Wednesday, November 11, 2009

Baptized into Eucharist

A Sketch of an Argument for the Logic
of the Traditional Discipline


When we are baptized into Christ, we are made a member of his body, the Church. As the body of Christ, the Church is called to witness to and be a sign and foretaste of the kingdom of God. The central sign and practice of this body is the Eucharist. In the Eucharist, the body of Christ, the Church, is nourished by the body of Christ in the bread and wine. We remember what God has done in Christ and anticipate God’s restoration of all things in Christ. And we participate in Christ and are nourished by his body and blood. The Church is thus a Eucharistic community living in remembrance and anticipation, nourished by its participation in Christ along the way. But, partaking of the body of Christ in the Eucharist also entails judgment. Is the community - and its members - living eucharistically as the body of Christ?

It is the ancient understanding of the Church that this act of remembrance, anticipation, and participation only makes sense as a practice of those who have been baptized into Christ. And that has been the traditional discipline of the Episcopal Church. Some in the Episcopal Church, though, question this traditional understanding and discipline. Thus, it has become the practice in many places to "open" Eucharist to the unbaptised. While this is well-meant, I suggest that such a practice undermines what the Church and Eucharist are about.

What follows is a sketch in several parts of a defense of the logic of the traditional discipline of expecting those who partake of the body of Christ in the Eucharist to be baptized members of the Church which is the body of Christ and living into its discipline.

PART I – Baptism and Jesus’ Disciples at the Last Supper

One question that is often posed is whether or not the disciples gathered around Jesus at the Last Supper were themselves baptized. The answer is that, in all likelihood, they were. Andrew was certainly a follower of John the Baptist (John 1:40) and thus presumably baptized. Even more significantly, Jesus is recorded as baptizing (John 3:26), or at least having his disciples baptize (John 4:1). Whether by John or after responding to Jesus' call, they were baptized before the Last Supper. And, of course, significantly, Jesus himself was baptized.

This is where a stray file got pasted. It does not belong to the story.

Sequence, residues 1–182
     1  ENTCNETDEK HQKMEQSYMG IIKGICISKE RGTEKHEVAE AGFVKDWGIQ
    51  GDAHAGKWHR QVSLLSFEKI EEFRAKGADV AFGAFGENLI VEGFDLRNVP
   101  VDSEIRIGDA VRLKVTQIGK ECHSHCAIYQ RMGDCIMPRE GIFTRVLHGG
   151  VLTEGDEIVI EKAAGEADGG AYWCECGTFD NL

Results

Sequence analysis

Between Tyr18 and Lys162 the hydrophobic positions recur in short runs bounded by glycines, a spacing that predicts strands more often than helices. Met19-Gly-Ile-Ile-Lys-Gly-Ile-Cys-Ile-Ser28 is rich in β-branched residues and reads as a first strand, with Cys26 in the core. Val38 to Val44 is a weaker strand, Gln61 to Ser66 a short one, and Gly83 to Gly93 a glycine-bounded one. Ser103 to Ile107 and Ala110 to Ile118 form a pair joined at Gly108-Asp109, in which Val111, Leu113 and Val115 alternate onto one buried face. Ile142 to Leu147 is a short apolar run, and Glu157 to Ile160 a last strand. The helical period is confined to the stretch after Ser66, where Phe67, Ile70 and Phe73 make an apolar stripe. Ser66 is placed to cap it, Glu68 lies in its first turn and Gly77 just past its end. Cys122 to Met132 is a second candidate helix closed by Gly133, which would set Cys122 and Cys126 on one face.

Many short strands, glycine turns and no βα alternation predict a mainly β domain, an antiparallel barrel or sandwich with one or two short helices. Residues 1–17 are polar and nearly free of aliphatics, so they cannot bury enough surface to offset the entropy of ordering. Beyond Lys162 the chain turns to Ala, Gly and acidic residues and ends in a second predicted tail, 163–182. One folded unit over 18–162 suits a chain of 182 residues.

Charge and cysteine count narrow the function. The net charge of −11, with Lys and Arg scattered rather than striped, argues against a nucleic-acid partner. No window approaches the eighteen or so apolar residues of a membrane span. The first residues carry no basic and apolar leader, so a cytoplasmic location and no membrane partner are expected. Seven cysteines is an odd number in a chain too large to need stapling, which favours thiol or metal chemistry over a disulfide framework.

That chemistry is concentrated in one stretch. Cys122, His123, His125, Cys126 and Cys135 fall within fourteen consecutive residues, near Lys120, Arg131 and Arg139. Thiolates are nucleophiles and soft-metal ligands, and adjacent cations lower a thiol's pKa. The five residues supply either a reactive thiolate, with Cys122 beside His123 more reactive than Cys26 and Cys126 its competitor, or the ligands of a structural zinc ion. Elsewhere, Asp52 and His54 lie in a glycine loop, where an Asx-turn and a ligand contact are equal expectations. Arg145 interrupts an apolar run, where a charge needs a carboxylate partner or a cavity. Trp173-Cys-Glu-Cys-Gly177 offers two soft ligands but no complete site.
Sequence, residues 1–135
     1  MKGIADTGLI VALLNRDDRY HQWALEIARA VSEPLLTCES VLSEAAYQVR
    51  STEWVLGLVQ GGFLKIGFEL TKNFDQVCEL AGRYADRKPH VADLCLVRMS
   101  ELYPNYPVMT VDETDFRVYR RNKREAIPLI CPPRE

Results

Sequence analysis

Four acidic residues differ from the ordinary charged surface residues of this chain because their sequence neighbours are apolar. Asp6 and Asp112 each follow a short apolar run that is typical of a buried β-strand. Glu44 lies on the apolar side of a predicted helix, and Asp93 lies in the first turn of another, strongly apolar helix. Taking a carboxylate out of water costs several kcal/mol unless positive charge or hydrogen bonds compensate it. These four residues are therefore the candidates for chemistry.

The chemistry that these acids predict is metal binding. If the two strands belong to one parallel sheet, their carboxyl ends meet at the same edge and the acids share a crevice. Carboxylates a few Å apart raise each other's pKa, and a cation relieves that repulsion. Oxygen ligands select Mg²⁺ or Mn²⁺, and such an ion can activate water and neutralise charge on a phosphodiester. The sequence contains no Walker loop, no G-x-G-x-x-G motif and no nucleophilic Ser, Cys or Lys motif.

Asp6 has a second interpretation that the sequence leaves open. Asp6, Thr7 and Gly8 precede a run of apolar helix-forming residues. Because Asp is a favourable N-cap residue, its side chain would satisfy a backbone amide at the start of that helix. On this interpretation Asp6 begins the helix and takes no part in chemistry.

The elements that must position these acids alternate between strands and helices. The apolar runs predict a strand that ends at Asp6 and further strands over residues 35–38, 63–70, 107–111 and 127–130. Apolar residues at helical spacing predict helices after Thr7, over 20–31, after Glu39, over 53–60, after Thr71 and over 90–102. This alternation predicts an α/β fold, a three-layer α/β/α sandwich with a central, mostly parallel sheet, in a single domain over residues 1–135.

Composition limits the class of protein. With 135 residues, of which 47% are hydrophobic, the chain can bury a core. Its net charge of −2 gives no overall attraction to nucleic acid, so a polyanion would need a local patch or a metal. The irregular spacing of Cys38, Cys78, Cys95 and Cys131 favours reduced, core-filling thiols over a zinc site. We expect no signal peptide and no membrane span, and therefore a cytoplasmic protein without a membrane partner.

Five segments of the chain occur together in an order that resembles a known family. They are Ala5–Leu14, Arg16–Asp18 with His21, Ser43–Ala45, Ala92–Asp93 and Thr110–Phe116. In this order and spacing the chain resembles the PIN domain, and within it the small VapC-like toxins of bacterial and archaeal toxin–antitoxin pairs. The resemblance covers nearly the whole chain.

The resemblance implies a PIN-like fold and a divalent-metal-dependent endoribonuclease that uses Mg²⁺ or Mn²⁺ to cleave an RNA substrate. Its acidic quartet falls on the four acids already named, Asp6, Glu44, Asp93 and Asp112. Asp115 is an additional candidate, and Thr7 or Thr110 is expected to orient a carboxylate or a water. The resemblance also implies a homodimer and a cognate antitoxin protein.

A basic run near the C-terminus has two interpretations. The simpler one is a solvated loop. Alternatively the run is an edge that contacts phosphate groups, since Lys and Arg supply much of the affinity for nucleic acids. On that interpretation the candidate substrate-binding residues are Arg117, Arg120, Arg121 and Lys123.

John's baptism is arguably irrelevant to subsequent Christian practice and we see the early Church understanding it as inadequate (Acts 19:1-7). But, the evidence that Jesus – or at least his disciples on his behalf – baptized those who wished to respond to his call suggests that Jesus was not bashful about making distinctions between those who responded to his summons and those who did not and marking that distinction in public ritual.

While the practice of baptism has its roots in John's and Jesus' practice, it is somewhat other. Since we are baptized into Christ's death and resurrection and in the name of the Father, Son, and Holy Spirit; our baptism is not the same as John's or even that of Jesus and his (pre-Easter) disciples. It is an Easter event. And it is the risen Jesus who commands his followers to make disciples and baptize. Our baptism – and our baptismal discipline – has its roots in the historical practice of Jesus, but it is different in as much as it is an Easter event.

The same is true for the Last Supper. It was the Last Supper, not only because it was the last meal for Jesus before his execution, but because there had been other meals before. But, like Baptism, the Eucharist participates in the Resurrection. Whatever symbolic meals Jesus might have shared in during his ministry, the Eucharistic meal is more than a repetition of what Jesus did before the crucifixion. It is an Easter event. It is a participation in Jesus’ resurrection and an anticipation of our resurrection and the new heaven and earth. Baptism is how we are incorporated into the resurrection, or, at the very least, into the body of witness to the resurrection, and logically precedes the typical meal by which we are nourished in the resurrection life.

Next: PART II – Inclusion vs. Renewal & Incorporation

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